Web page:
I first learnt about the swimming sheds from my father, who used to explore the waters of Sai Wan (西環) at the westernmost area of Hong Kong Island in his childhood. Back in 1950’s and 1960’s, sea swimming was not necessary a half day journey to a beach far away from the city. Hongkongers could instead hop to one of the ten or dozen of swimming sheds along Victoria Harbour after work for a quick dip in the sea. This swimming culture originates in 1911, when the first swimming shed was built at Tsat Tsz Mui (七姊妹) in North Point. It became a hit and soon expanded to seven sheds in the area. Taking the tram to the swimming sheds was the most popular pastime back then. A newspaper in 1929 estimated that each day there were about 5000 swimmers visiting the swimming sheds. These sheds were constructed of bamboo and timber, housing changing rooms, lockers and showers facilities, and a series of decks on stilts to enter the water. At its peak, some big establishments even had eateries, boat rentals, and arena for roller-skates. Back then, limited transportation options kept many Hongkongers away from more faraway beaches, while the water of Victoria Harbour was still relatively clean.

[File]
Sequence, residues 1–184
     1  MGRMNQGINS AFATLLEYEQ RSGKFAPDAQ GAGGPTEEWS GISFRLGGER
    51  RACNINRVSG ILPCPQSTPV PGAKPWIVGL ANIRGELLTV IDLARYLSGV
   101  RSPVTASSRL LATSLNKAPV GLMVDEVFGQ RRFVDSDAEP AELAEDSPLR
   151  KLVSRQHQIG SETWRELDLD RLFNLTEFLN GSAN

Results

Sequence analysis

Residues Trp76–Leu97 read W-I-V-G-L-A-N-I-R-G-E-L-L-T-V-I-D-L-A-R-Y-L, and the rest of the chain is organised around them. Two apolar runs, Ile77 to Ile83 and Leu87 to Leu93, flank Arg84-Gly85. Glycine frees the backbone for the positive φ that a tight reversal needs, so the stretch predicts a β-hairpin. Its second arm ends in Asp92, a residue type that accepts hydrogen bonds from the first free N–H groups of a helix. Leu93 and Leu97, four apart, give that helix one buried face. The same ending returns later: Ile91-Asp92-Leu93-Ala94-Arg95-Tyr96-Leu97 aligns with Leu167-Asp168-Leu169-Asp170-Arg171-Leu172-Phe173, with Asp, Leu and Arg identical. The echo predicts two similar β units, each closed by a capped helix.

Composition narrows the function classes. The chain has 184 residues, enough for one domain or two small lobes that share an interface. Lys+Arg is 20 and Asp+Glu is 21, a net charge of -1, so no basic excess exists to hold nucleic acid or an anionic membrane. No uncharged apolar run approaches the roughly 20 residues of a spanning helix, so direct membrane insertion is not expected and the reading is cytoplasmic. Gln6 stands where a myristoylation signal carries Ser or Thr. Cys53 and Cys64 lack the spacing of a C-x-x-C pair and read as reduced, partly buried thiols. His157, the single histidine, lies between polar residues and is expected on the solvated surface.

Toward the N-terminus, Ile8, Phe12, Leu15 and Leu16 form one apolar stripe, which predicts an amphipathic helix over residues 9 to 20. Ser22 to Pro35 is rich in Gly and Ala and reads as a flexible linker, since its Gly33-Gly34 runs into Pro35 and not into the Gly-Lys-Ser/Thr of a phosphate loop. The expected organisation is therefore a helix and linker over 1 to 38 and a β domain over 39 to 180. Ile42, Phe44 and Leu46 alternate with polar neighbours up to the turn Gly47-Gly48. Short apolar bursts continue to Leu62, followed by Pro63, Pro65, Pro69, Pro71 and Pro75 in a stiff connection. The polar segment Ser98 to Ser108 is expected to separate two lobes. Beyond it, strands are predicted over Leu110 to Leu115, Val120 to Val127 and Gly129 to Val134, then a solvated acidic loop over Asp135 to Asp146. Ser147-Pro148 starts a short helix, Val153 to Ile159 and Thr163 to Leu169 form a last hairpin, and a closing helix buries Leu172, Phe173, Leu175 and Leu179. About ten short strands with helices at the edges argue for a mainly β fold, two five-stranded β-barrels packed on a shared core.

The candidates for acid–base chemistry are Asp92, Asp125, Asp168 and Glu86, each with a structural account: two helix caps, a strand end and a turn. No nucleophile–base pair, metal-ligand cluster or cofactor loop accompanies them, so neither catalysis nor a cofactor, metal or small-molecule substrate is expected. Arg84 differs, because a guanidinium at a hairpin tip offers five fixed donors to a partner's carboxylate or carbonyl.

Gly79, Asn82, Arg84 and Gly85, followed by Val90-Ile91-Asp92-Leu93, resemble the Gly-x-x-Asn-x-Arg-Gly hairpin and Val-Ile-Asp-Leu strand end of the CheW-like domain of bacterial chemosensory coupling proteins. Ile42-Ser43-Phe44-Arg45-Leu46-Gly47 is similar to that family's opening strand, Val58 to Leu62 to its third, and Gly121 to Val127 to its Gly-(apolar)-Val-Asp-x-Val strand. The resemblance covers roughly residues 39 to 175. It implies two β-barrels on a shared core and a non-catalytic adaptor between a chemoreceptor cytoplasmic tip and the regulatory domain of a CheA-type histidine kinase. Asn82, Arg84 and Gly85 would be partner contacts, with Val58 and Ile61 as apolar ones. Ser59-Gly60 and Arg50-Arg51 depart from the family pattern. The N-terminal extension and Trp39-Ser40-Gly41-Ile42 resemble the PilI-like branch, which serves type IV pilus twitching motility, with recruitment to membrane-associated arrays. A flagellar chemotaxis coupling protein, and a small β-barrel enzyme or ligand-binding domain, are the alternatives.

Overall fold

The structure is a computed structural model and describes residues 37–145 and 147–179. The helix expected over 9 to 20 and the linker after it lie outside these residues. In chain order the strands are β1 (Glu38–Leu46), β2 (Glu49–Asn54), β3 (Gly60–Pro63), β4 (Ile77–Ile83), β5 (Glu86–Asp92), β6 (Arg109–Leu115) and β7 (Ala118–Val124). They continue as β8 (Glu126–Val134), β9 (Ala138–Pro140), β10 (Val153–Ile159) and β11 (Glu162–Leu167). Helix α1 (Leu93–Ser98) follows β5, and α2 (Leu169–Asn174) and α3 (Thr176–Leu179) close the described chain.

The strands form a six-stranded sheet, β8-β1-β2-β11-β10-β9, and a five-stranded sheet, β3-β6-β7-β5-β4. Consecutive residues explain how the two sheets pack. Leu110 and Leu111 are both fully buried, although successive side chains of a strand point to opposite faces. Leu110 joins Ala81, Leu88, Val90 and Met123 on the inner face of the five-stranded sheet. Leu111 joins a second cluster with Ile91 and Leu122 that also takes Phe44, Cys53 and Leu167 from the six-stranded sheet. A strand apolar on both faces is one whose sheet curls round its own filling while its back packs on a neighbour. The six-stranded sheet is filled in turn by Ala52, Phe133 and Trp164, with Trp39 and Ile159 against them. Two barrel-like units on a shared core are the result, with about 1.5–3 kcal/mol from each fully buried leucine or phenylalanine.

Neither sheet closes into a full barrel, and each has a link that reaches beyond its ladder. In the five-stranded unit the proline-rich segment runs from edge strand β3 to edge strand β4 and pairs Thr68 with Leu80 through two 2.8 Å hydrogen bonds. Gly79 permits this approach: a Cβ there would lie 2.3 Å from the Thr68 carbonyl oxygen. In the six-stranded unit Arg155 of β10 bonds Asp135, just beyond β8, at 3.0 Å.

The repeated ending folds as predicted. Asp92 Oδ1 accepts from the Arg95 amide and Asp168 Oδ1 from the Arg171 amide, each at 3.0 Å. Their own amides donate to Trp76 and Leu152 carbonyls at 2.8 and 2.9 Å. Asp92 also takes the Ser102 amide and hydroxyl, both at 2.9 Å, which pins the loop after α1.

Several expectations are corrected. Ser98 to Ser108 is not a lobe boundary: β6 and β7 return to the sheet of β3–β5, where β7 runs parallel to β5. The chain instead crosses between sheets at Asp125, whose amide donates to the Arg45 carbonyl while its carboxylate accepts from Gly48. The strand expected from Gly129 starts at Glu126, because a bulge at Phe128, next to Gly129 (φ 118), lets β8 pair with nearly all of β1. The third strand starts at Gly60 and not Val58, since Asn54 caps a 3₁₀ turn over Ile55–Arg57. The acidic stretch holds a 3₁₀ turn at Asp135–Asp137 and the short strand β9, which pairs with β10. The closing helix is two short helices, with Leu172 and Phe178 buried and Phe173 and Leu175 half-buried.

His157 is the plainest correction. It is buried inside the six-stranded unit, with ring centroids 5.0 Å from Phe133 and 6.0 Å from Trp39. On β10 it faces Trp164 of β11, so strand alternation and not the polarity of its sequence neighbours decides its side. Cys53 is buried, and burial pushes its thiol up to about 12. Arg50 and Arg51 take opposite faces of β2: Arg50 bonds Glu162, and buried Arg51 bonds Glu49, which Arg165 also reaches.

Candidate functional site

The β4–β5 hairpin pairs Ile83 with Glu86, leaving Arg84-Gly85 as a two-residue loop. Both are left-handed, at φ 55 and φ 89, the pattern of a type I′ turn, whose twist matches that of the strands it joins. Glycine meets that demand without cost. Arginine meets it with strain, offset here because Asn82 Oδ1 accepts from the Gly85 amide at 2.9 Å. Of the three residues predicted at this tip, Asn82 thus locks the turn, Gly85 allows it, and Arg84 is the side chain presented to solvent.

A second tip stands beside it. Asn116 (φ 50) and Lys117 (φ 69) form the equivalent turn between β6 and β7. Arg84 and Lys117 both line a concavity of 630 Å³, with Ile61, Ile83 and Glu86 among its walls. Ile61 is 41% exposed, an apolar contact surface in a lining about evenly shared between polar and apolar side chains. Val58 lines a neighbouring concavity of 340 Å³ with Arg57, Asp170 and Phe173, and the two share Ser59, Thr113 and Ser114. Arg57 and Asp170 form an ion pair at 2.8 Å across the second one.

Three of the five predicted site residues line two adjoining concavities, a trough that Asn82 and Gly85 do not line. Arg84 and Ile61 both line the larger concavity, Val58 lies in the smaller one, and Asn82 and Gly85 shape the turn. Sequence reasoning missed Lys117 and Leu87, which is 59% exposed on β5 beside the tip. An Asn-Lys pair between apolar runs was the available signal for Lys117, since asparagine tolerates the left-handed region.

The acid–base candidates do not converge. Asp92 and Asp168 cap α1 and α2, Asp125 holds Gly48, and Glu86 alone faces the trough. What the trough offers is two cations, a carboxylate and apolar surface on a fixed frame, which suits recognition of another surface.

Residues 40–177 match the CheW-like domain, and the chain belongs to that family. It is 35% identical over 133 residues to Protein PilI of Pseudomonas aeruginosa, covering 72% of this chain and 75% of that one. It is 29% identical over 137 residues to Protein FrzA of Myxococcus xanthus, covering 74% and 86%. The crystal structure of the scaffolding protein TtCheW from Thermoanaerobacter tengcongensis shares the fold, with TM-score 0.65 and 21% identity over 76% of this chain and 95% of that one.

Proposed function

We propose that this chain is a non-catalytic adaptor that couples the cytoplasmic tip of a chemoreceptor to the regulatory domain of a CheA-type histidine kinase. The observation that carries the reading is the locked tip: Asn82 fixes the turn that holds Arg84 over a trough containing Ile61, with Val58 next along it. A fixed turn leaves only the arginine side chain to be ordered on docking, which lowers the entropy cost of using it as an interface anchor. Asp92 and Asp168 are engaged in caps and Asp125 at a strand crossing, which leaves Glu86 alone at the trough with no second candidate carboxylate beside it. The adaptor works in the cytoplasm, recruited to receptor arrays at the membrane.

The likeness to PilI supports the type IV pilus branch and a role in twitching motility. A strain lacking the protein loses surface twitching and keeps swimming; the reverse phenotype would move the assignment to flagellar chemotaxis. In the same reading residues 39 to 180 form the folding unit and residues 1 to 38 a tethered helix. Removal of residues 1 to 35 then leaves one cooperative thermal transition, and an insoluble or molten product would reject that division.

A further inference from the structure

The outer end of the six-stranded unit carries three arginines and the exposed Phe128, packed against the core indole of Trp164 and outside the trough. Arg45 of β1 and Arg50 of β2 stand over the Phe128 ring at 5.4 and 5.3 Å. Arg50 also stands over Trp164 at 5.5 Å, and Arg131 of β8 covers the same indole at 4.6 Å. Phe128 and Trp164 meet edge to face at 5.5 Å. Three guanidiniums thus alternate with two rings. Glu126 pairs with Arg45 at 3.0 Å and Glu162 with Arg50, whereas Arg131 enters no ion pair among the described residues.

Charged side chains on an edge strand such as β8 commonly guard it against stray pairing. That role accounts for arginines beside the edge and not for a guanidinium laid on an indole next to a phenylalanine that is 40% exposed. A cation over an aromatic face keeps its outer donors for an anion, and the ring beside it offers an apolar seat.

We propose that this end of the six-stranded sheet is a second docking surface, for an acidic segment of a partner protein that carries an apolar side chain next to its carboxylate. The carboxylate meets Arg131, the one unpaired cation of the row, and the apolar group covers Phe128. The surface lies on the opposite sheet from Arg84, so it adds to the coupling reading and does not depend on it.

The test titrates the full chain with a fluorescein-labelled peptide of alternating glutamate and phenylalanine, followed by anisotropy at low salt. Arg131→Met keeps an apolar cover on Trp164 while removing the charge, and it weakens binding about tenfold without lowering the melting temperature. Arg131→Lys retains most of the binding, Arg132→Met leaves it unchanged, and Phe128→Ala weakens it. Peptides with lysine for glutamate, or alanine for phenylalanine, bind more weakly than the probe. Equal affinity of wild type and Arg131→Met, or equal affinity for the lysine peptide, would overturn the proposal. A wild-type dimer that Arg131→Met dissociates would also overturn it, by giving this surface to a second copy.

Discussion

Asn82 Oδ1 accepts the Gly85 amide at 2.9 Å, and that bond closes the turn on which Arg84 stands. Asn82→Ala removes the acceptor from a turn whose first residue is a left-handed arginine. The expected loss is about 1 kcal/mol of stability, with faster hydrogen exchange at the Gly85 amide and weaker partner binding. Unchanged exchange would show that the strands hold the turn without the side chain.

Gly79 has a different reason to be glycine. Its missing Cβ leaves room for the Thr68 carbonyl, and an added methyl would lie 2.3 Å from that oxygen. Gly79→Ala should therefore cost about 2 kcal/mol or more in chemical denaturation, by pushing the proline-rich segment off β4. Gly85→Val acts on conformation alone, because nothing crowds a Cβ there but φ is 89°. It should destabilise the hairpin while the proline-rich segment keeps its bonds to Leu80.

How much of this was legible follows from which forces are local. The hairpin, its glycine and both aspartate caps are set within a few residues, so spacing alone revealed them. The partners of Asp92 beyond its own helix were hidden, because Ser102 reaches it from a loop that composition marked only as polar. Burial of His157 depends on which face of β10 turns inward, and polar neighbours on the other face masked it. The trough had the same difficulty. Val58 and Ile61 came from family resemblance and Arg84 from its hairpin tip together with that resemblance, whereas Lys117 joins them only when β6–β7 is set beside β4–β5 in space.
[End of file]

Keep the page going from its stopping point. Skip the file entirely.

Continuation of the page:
As beach facilities and public swimming pools became more accessible to common people, the degraded water quality of the Harbour, and most important of all, land reclamation and waterfront redevelopment projects have basically nailed the coffin for all swimming sheds in 1970’s. In 1988, Chung Sing Swimming Shed (鐘聲泳棚) reopened at the western end of Kennedy Town, where lush green Mount Davis slopes down to the sea. This remnant from the past, with about 20 members, has become the last operating swimming shed in Hong Kong. The membership of the swimming shed is far from its heyday decades ago. But the relatively secluded Chung Sing Swimming Shed, which commonly known as Sai Wan Swimming Shed (西環泳棚) nowadays, has been offered a second life. Photos of the lovely sunset over tranquil water at Sai Wan Swimming Shed has become an Instagram sensation in the recent decade.